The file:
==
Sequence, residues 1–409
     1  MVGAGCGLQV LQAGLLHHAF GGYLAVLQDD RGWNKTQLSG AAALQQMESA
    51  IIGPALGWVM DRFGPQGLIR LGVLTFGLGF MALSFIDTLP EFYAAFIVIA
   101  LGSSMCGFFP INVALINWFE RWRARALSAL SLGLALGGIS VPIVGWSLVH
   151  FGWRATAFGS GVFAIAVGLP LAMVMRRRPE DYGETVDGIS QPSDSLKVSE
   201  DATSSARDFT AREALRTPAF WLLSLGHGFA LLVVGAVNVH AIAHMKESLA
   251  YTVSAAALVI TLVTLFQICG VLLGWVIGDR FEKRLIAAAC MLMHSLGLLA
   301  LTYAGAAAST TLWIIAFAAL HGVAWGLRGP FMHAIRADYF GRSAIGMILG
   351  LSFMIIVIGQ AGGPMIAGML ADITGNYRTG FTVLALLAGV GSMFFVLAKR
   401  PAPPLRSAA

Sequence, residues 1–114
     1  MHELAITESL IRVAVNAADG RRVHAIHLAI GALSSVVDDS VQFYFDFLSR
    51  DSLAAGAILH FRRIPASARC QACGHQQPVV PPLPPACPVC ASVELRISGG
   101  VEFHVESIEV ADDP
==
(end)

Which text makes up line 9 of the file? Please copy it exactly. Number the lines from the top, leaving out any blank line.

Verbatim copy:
   351  LSFMIIVIGQ AGGPMIAGML ADITGNYRTG FTVLALLAGV GSMFFVLAKR